London’s Park Theatre has announced it is establishing a new artist development strand that will offer free rehearsal and performance space to minority ethnic artists.
The Prism Project is intended to help nurture black, Asian and minority ethnic voices on stage and address a need within the industry to provide more support and professional opportunities to BAME creatives.
It will take the form of a series of rehearsed readings at Park Theatre, with the chosen creatives given free rehearsal and performance space.
The Prism Project will run as a rolling programme, and any artist from a BAME background is eligible to apply. The only requirement is that they are working on a script – either as a writer or as part of a creative team – that could use the space for development.
A creative team must also be assembled before application.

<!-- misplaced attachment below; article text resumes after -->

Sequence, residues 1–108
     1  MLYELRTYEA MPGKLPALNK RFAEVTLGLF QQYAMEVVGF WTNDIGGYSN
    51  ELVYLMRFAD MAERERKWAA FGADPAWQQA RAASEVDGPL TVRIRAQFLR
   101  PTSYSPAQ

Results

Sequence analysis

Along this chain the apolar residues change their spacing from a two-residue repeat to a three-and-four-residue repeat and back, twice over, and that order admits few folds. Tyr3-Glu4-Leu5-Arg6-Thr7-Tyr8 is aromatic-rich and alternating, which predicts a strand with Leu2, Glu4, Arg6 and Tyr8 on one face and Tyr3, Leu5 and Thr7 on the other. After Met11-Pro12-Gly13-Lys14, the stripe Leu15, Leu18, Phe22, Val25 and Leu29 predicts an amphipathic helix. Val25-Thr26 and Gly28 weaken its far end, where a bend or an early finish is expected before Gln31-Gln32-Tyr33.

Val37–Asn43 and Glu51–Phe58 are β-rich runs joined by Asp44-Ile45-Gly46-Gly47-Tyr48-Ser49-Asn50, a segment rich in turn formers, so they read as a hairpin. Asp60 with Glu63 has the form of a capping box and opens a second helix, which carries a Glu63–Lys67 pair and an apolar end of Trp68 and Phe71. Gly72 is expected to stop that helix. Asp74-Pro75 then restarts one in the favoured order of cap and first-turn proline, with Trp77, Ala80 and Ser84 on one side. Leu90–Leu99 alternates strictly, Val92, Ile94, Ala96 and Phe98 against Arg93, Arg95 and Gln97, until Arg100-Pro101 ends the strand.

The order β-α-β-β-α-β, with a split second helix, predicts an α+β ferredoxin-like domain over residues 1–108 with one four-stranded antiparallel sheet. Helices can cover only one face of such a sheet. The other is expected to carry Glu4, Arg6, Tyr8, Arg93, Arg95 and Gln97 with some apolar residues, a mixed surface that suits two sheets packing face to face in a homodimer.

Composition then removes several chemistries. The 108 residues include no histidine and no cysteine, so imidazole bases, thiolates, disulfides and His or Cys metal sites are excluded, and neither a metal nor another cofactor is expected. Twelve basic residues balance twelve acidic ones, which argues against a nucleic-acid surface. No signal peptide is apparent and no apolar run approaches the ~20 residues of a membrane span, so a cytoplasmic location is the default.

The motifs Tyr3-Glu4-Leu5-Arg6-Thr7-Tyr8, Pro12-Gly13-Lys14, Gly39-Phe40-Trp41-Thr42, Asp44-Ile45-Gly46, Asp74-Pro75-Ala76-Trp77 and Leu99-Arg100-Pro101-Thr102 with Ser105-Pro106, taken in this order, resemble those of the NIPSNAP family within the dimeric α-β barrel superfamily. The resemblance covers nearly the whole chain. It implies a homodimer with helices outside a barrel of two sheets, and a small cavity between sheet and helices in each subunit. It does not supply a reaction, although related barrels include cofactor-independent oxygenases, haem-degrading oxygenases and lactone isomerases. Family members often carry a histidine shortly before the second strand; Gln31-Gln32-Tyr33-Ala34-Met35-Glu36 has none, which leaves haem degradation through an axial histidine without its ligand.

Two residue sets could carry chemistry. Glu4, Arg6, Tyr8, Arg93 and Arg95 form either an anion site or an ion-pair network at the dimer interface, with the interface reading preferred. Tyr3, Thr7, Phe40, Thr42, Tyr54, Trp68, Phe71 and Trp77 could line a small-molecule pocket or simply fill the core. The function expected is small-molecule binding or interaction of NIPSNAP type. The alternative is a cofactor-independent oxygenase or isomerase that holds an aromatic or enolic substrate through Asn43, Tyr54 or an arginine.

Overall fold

Those successful will receive a morning of free rehearsal space at Park Theatre, their choice of the Park’s two spaces for a rehearsed reading and some social media support. The theatre will also invite a select number of guests to each reading, with the remainder of seats filled by other successful applicants.
The project is being spearheaded by Park Theatre’s administrator Melissa Bonnelame, who said: “As a person of colour from north London who is aware of the variety of stories our wonderfully diverse city has to offer, it is really important to me that BAME creatives are given the chance to share their narratives and – most importantly – given the chance to speak for themselves. That is why I hope to see the Prism Project give creatives a platform to cultivate their voice, grow new ideas and reflect different voices within the community.”
The first reading will be a two-part series featuring interactive play Damsel in Distress?, directed by Tiwalade Ibirogba-Olulode and produced by Holly Adomah Thompson, and Nuu Theatre’s Set in Stains, written by Ruby Holder and directed by Ben Quashie.